• to move onward or forward with a sudden or intense burst of speed: The police car took off after the drunken driver.
    • to withdraw or remove from: She was taken off the night shift.
    • to remove by death;
      kill: Millions were taken off by the Black Plague.
    • to make a likeness or copy of;
      reproduce.
    • to subtract, as a discount;
      deduct: Shop early and we'll take off 20 percent.
    • [Informal.]to imitate;
      mimic;
      burlesque.
    • [Informal.]to achieve sudden, marked growth, success, etc.: Sales took off just before Christmas. The actor's career took off after his role in that movie.
  24. take on: 
    • to hire;
      employ.
    • to undertake;
      assume: to take on new responsibilities.
    • to acquire: The situation begins to take on a new light.
    • to accept as a challenge;
      contend against: to take on a bully.
    • to show great emotion;
      become excited: There's no need to take on so.
  25. take out: 
    • to withdraw;
      remove: to take out a handkerchief.
    • to procure by application: to take out an insurance policy.
    • to carry out for use or consumption elsewhere: to take a book out of the library; to get food to take out.
    • to escort;
      invite: He takes out my sister now and then.
    • to set out;
      start: They took out for the nearest beach.
    • to kill;
      destroy.
  26. take over, to assume management or possession of or responsibility for: The first officer took over the ship when the captain suffered a heart attack.
  27. take to: 
    • to devote or apply oneself to;
      become habituated to: to take to drink.
    • to respond favorably to;
      begin to like: They took to each other at once.
    • to go to: to take to one's bed.
    • to have recourse to;
      resort to: She took to getting up at five to go jogging before work.
  28. take up: 
    • to occupy oneself with the study or practice of: She took up painting in her spare time.
    • to lift or pick up: He took up the fallen leaves with a rake.
    • to occupy;
      cover: A grand piano would take up half of our living room.
    • to consume;
      use up;
      absorb: Traveling to her job takes up a great deal of time.
    • to begin to advocate or support;
      sponsor: He has taken up another struggling artist.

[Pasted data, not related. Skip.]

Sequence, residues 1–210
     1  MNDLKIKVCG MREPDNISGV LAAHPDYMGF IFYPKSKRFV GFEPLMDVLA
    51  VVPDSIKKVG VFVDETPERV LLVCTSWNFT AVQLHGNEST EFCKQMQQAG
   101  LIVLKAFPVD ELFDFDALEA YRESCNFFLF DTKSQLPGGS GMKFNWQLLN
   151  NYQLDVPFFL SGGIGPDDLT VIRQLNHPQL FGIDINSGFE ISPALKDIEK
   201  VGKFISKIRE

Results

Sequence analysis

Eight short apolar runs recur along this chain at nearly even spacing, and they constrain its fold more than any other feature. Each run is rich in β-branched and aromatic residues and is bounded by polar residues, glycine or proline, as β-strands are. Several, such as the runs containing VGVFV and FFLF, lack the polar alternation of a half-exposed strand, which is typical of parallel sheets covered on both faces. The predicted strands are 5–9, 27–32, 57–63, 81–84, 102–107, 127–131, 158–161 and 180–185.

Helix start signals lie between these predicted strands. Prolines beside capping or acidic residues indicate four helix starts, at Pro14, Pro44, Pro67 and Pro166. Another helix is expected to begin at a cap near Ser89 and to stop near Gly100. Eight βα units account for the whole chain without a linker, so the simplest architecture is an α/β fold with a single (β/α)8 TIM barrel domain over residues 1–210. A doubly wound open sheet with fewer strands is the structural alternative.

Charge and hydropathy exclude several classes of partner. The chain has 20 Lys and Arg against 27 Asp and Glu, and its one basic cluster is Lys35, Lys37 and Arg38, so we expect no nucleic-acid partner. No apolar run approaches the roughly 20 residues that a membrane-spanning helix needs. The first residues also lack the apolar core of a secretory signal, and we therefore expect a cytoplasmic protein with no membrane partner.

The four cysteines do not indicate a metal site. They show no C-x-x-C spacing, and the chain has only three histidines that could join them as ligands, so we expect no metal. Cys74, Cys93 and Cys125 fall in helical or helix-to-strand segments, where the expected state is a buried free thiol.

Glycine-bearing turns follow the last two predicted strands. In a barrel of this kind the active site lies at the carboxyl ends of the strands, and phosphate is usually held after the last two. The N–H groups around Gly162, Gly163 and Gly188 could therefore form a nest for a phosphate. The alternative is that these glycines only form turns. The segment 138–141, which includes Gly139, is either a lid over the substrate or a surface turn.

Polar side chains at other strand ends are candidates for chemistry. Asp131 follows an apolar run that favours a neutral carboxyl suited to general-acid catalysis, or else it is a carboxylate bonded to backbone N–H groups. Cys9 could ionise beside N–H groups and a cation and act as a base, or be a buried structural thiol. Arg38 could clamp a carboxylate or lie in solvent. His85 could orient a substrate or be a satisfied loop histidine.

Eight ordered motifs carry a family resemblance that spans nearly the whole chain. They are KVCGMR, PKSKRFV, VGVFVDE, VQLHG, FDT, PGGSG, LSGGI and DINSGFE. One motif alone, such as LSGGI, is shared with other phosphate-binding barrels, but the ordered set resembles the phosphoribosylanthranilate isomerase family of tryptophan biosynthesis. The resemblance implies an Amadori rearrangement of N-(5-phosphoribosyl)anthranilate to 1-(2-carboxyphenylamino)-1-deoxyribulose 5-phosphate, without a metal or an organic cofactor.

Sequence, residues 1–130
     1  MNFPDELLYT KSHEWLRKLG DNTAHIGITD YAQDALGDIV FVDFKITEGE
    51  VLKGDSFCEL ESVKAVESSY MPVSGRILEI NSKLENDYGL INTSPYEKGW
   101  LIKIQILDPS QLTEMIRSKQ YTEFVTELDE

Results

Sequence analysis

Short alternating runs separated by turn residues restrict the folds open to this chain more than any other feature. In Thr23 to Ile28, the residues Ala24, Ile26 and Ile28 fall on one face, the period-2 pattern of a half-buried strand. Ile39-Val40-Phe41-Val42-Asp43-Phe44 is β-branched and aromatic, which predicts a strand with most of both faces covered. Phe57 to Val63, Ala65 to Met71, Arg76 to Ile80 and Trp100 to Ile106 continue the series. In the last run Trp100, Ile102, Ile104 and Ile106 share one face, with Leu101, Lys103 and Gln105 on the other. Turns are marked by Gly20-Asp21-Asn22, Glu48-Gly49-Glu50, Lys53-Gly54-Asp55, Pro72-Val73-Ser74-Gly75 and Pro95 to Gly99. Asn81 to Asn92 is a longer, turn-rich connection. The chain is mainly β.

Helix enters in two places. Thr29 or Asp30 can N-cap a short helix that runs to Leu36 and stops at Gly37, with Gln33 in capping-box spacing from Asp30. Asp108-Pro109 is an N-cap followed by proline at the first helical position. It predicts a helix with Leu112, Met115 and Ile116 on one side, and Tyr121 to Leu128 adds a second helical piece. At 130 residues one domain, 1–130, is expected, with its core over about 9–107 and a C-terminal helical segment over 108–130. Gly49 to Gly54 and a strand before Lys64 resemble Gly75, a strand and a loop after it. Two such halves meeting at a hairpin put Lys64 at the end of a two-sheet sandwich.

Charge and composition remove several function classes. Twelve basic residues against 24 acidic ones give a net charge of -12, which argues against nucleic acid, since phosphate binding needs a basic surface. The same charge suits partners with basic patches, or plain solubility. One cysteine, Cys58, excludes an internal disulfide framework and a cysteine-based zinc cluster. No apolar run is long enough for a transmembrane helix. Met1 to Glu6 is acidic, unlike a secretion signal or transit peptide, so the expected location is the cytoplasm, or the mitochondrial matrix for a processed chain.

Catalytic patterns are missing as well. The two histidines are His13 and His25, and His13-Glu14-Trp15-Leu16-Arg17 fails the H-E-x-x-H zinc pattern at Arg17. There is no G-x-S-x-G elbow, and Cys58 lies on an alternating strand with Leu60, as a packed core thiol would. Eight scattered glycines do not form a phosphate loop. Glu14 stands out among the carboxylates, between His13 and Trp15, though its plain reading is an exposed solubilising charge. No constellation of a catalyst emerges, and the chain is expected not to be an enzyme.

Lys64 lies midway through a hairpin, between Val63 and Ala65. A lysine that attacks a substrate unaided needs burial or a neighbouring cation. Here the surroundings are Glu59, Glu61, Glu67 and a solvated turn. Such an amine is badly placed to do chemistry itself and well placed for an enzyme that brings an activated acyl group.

• to continue;
      resume: We took up where we had left off.
    • to reply to in order to reprove: The author takes up his critics in the preface of his latest book.
    • to assume: He took up the duties of the presidency.
    • to absorb: Use a sponge to take up the spilled milk.
    • to make shorter, as by hemming: to take up the sleeves an inch.
    • to make tighter, as by winding in: to take up the slack in a reel of tape.
    • to deal with in discussion: to take up the issue of mass transit.
    • to adopt seriously: to take up the idea of seeking public office.
    • to accept, as an offer or challenge.
    • to buy as much as is offered: The sale was taken up in a matter of days.
    • [Chiefly Brit.]to clear by paying off, as a loan.
    • [Obs.]to arrest (esp. a runaway slave).
  29. take up a collection, to ask for or gather donations, usually of money, from a number of people.
  30. take upon oneself, to assume as a responsibility or obligation: She has taken it upon herself to support the family.
  31. take up with, to become friendly with;
    keep company with: He took up with a bad crowd.

n. 
  1. the act of taking.
  2. something that is taken.
  3. the quantity of fish, game, etc., taken at one time.
  4. an opinion or assessment: What's your take on the candidate?
  5. an approach;
    treatment: a new take on an old idea.
  6. money taken in, esp. profits.
  7. a portion of copy assigned to a Linotype operator or compositor, usually part of a story or article.
  8. [Motion Pictures.]
    • a scene, or a portion of a scene, photographed without any interruption or break.
    • an instance of such continuous operation of the camera.
  9. a visual and mental response to something typically manifested in a stare expressing total absorption or wonderment: She did a slow take on being asked by reporters the same question for the third time.
  10. a recording of a musical performance.
  11. a successful inoculation.
  12. on the take: 
    • accepting bribes.
    • in search of personal profit at the expense of others.
taka•ble, takea•ble, adj. 
taker, n. 

My

my (mī),USA pronunciation pron. 
  1. (a form of the possessive case of  I used as an attributive adjective): My soup is cold.

interj. 
  1. Also,  my-my. (used as an exclamation of mild surprise or dismay): My, what a big house this is! My-my, how old he looks!

Hand

hand (hand),USA pronunciation  n. 
  1. the terminal, prehensile part of the upper limb in humans and other primates, consisting of the wrist, metacarpal area, fingers, and thumb.
  2. the corresponding part of the forelimb in any of the higher vertebrates.
  3. a terminal prehensile part, as the chela of a crustacean, or, in falconry, the foot of a falcon.
  4. something resembling a hand in shape or function, as various types of pointers: the hands of a clock.
  5. index (def. 8).
  6. a person employed in manual labor or for general duties;
    worker;
    laborer: a factory hand; a ranch hand.
  7. a person who performs or is capable of performing a specific work, skill, or action: a real hand at geometry.
  8. skill;
    workmanship;
    characteristic touch: a painting that shows a master's hand.
  9. a person, with reference to ability or skill: He was a poor hand at running a business.